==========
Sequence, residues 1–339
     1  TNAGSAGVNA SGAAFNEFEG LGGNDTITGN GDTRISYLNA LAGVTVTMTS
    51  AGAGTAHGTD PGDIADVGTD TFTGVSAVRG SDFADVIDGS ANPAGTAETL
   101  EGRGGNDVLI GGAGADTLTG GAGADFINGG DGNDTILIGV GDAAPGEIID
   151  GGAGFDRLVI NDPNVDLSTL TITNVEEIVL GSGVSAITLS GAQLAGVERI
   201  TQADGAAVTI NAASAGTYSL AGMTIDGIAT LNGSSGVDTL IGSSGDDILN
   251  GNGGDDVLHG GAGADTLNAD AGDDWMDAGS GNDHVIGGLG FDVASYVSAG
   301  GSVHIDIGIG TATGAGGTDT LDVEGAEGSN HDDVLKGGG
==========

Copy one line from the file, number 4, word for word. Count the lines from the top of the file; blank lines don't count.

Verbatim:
   101  EGRGGNDVLI GGAGADTLTG GAGADFINGG DGNDTILIGV GDAAPGEIID